Sweden. Home to IKEA, the Swedish Chef, those tasty meatballs … and the most comprehensive cradleto-grave welfare system in the western world. Touted as a "third way," the socialist-capitalist hybrid was to have been compatible with the growth and prosperity of free markets whilst simultaneously offering an unparalleled social safety net. The idea of Sweden, and indeed all Nordic countries, as a kind of utopia lives on.
This is in spite of the evidence, sadly. In a new book, Swedish author Nima Sanandaji provides further fodder to reconsider the welfare states of all Nordic countries. Scandinavian Unexceptionalism, published in 2015 by the UK-based Institute of Economic Affairs, argues that Scandinavia thrives thanks to a historic legacy of economic, social and cultural strength and community cohesion, not because of their welfare states.
Some Canadian activists and policymakers hold up Scandinavian countries as models to emulate. Sanandaji instead writes the opposite, that Sweden could learn a lot from us: "Canada is a role model for Sweden, since it has successfully moved towards a model that rewards work and entrepreneurship." Between the 70s and the 90s Sweden fell from fourth richest nation in the world to 13th. (Following free-market reforms at that time, they climbed back up to 10th by 2010.)
In 2004, only 38 of 100 businesses with the highest revenues in Sweden were privately owned. And only two of those 38 opened their doors after 1970. (IKEA, for example, began in 1943. Incidentally, its founder, Ingvar Kamprad, moved his wealth to the Netherlands and IKEA is owned by a family-controlled foundation in Liechtenstein, says Sanandaji.)
Meanwhile, net job creation in Sweden between 1950 and 2000 was close to zero in spite of the increase in population.
High rates of hidden unemployment dog the Scandinavian countries, too. This happens when the government classifies individuals on various government programs as "employed." The Swedish government reported unemployment rates of about five per cent in 2004, but a Mc-Kinsey report in 2006 showed in reality unemployment was somewhere closer to 17 per cent.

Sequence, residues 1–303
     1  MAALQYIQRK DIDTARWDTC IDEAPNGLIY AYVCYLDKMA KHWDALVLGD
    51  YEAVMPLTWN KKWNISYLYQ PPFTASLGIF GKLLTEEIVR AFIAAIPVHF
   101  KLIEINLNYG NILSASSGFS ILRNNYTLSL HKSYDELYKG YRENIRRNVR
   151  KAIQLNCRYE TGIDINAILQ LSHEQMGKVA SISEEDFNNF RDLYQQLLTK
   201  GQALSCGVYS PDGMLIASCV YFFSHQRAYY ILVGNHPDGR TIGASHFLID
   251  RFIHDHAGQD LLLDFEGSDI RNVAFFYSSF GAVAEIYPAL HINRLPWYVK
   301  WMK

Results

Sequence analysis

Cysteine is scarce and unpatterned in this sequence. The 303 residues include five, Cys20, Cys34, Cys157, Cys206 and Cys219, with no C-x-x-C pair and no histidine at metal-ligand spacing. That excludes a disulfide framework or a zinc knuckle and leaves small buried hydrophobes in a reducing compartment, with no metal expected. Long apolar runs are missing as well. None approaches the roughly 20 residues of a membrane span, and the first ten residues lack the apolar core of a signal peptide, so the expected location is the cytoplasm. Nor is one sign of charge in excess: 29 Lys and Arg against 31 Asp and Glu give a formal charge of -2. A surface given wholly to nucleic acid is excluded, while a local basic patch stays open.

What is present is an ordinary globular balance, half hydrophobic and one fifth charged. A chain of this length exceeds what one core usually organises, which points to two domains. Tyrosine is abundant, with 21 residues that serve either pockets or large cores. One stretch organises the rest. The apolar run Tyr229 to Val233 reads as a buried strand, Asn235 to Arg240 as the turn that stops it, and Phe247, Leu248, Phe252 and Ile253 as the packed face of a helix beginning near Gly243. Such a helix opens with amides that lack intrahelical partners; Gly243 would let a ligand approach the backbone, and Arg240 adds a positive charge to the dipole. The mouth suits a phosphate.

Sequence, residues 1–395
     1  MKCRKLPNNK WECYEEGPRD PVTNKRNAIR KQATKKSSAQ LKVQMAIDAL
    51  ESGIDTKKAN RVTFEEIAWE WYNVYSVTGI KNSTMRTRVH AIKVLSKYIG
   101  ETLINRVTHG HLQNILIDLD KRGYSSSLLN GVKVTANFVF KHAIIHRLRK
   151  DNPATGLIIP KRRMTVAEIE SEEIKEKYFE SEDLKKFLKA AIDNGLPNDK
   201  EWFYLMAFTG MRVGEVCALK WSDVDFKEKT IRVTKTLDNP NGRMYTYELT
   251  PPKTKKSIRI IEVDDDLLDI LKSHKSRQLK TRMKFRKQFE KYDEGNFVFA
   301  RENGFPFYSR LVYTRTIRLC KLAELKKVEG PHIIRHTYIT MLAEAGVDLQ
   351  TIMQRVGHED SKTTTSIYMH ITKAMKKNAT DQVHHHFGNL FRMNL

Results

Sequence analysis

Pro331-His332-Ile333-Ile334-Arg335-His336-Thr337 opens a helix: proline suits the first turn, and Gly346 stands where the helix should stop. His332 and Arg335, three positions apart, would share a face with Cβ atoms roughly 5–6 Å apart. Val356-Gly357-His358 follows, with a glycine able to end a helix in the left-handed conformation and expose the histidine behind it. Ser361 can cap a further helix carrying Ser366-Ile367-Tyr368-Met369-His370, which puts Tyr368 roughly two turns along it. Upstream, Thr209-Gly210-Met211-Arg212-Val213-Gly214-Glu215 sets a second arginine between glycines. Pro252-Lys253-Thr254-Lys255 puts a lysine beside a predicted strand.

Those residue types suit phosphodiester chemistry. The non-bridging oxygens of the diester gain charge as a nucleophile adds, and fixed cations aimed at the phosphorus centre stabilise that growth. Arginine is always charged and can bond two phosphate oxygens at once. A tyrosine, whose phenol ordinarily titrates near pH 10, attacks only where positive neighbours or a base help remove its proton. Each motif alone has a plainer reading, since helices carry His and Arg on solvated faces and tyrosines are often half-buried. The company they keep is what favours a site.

So why would Scandinavians accept such high taxation, such intrusion, at the cost of their own ingenuity and employment? The obvious answer is ideological support for social welfare. Less obvious, Sanandaji muses, is the extent to which they knew what was happening.
Indirect or hidden taxes include things like social security contributions. Across Scandinavia, indirect taxation has risen drastically. In Finland, between 1965 and 2013, hidden taxes like the Value Added Tax ("VAT") and mandatory social security contributions rose from eight per cent of GDP to 22 per cent. In Denmark, indirect taxation rose from four to 10 per cent; in Norway from four to 18 per cent and in Sweden, indirect taxes rose from four to 19 per cent.
Consider the true story of a Swedish dentist who practised only three days a week in the late 1980s. The remaining two days weren't worth it; the returns would have been taken entirely by taxes.
The book gives statistics showing the decline in motivation, an increase in sick time and early retirement in spite of good physical health. According to the World Values Survey, in Sweden, there has been a substantial increase in the percentage of people who believe abusing government benefits isn't always wrong.
Shockingly, we learn why Sweden has such a high level of wealth inequality: "The reason for this uniquely uneven wealth distribution is that many Swedish households depend on government safety nets and thus have limited savings," writes Sanandaji.
Not only this, but Sweden has experienced a steep decline in education outcomes, even inviting the OECD to investigate why. Swedish students show a lack of motivation to work hard, with increasing rates of students showing up to school late.
Certainly, in global context, Sweden, Denmark, Finland and Norway remain remarkable nations. Poverty there is not what it is in developing nations around the globe.
For all the calls to emulate Sweden, it is wise to read this myth-busting empirical assessment. We like to believe Scandinavia proves socialism works, yet it appears the limitless spending, big government programs and high taxation function exactly as most economists would predict: Big governments run out of money, while running their people into dependency, necessitating economic reforms toward a more frugal course.
While some Canadians look to emulate Sweden, it's good to consider those Swedes, like Sanandaji, looking to become more like Canada.
This article was published in the Financial Post on September 2, 2015.